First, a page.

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On Resilience

Reflections of a former cancer patient.

We hear a lot lately about stress and its effect on the body. But stress management discussions actually lead us to a larger question, which is: how can we as individuals become more resilient?

What do we mean by resilience? We know that some people, no matter what ill winds blow their way, manage to cope and recover quickly. Others see themselves as victims, feeling helpless and powerless in the face of adversity.

You may have seen this quote:

Whether a pebble 
becomes a stepping-stone 
or a stumbling block 
depends 
on what you do with it 

You will have more power over how adverse events will affect you, and you can optimize your chances for a positive outcome, if you try some of the following:

 Individual skills

  • Cultivate a positive outlook. You can practice thought awareness; for example, do you notice that you often feel like a victim, or that you find you have things you can do to cope? You can transform unproductive into positive thinking, focusing on what is within your control to change. What can you try that might help?
  • Develop a toolbox of coping skills to reduce stress such as meditation, yoga or Tai Ji. (If you are reading this you are probably already trying acupuncture, chiropractic or massage!) Take one minute breathing breaks. Try some kind of dance or other movement to music. Experiment with painting or drawing, writing, or making music. Is there something you have always wanted to try?
  • Practice self-care: get high-quality, sufficient sleep, eat healthy food and get adequate exercise.
  • Control your environment. Surround yourself with helpful pictures, music, and other sources of comfort or support. What can you change in your environment to help you reach your goals?
  • Simplify. What can you delegate or get rid of? What is the one most important thing you need to do? Would it help to turn off the TV, access to social media, the Internet and the phone, at least some of the time?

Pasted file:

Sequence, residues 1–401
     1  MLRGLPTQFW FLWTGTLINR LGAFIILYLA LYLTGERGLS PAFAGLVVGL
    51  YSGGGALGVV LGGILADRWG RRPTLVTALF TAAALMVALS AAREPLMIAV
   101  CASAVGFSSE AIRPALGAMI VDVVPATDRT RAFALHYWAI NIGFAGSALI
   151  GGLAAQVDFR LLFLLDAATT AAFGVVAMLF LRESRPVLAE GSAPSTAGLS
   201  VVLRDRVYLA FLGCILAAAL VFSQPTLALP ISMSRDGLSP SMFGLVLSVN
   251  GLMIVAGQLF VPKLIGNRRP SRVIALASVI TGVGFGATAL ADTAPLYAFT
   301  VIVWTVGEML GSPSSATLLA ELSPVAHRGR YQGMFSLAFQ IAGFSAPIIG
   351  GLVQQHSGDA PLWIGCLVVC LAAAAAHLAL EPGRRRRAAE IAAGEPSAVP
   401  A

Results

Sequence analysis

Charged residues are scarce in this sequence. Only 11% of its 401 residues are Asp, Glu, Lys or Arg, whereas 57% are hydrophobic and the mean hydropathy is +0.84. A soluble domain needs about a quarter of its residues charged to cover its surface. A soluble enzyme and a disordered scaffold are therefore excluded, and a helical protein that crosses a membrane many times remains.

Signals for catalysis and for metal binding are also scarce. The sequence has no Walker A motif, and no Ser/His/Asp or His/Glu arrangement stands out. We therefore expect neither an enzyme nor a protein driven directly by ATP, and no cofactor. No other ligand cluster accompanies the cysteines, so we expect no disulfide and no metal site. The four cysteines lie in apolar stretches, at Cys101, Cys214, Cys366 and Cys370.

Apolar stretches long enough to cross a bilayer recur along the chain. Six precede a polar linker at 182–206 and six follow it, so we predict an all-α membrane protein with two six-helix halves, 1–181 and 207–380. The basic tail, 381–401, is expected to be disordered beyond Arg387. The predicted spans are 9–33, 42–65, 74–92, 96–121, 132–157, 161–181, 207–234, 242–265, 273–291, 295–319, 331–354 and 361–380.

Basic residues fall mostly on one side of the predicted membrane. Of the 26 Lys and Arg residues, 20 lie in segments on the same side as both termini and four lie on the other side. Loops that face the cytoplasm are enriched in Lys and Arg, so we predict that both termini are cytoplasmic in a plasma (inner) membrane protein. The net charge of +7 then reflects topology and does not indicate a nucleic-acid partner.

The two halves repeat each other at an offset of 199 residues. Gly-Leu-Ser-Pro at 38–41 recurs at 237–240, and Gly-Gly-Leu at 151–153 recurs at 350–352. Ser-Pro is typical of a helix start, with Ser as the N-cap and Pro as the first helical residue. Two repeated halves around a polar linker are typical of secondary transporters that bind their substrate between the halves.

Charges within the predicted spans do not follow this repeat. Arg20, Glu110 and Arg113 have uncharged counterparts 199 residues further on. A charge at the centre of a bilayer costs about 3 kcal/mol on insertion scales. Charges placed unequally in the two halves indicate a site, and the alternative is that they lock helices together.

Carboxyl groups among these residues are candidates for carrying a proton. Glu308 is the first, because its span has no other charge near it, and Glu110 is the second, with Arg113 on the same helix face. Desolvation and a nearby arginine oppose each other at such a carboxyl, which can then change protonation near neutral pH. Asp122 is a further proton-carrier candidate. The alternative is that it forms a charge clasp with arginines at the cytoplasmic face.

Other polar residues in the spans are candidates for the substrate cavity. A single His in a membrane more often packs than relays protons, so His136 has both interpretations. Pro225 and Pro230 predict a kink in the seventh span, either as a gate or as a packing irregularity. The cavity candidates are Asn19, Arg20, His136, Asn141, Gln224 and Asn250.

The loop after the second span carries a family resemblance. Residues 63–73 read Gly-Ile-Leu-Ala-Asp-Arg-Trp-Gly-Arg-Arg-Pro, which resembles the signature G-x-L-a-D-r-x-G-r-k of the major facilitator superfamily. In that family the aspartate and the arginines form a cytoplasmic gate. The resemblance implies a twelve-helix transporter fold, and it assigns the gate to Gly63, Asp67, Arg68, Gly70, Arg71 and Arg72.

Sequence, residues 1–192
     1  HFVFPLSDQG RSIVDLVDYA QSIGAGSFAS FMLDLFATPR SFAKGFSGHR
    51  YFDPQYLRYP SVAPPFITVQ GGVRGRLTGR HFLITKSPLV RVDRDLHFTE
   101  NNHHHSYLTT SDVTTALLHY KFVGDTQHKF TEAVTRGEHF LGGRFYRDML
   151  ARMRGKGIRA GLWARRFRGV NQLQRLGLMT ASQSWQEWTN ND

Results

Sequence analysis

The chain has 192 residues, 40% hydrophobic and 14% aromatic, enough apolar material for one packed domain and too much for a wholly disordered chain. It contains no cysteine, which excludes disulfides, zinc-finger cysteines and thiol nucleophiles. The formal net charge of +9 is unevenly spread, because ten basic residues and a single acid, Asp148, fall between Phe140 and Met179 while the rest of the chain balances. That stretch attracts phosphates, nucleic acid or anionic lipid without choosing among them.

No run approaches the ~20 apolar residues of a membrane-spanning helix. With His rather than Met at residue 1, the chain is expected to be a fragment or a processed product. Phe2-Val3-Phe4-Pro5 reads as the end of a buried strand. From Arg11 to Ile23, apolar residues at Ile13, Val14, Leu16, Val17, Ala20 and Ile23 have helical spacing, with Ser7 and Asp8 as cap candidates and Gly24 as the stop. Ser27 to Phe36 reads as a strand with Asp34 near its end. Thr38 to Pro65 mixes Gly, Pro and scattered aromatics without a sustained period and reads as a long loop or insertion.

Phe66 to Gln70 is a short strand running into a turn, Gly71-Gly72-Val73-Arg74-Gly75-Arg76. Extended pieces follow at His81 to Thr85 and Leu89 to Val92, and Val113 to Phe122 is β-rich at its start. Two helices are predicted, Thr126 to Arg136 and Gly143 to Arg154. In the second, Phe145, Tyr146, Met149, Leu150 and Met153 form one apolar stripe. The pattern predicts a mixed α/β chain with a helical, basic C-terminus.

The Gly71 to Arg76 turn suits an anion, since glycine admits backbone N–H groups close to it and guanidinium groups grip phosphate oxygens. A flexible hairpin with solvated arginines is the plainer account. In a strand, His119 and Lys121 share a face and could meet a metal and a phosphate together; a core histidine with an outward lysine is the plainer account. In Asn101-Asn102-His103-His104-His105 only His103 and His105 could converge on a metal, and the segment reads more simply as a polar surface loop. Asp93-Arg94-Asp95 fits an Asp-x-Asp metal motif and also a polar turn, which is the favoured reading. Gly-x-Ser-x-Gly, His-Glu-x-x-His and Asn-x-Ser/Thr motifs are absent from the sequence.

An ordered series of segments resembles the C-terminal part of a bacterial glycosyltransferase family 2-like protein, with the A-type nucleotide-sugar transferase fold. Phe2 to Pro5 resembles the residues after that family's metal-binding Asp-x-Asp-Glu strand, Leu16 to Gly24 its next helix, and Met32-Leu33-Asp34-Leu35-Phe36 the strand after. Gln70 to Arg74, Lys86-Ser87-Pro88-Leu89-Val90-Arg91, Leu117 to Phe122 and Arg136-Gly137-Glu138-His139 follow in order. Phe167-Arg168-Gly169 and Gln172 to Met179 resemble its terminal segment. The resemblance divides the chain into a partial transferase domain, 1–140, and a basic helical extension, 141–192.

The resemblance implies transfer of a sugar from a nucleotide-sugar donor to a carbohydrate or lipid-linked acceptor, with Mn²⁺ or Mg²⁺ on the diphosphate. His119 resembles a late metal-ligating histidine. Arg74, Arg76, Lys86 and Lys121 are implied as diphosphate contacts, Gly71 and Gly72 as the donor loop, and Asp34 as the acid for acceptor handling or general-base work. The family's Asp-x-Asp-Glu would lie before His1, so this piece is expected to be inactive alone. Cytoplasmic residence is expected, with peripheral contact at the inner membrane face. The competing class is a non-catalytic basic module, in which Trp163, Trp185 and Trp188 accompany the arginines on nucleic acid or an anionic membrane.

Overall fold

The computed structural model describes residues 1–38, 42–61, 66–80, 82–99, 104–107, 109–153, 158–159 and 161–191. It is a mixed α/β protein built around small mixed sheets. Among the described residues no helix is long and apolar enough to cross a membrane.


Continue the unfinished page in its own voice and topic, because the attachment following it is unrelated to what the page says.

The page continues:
• Practice problem-solving skills.  Learn to identify obstacles and figure out ways around them.
  • Build competence and confidence in your strengths and abilities by setting doable goals and meeting them successfully.
  • Cultivate an ability to assess a situation. You can learn to have a more balanced perspective. Learn how to reduce distorted perception due to strong emotions. Learn how to manage strong feelings and impulses.
  • Develop and encourage mindfulness. Direct your awareness to what you are doing now, at this moment.
  • Identify support services. What people, Internet resources or books can help? Get help when you need it! Go to reputable doctors, and reputable websites!

On a family level

Learn to communicate well.

Develop strong, supportive, nurturing relationships. Who is in your support network?

Be flexible and adaptable. Change is a part of living:

(This is a quote from a Yom Kippur service)

Nothing ever stays the same 
What we were and what we are 
Give way to what we will become 
And this is no choice 
Except for what we choose to become 
The question is not will you change 
But how you will change 

On a community level

Find groups where you have a sense of belonging: a support group, a choir, a religious group. What else might work: a craft group? a workshop?

Find groups where you feel a sense of connectedness.

Join a group where you sense your collective efforts can make a difference.

Reach out to help others.

May your experiences be stepping-stones
May your path be filled with light

Penny Brill
February 2013

For more articles on music and wellness, visit http://wellness.pittsburghsymphony.org/

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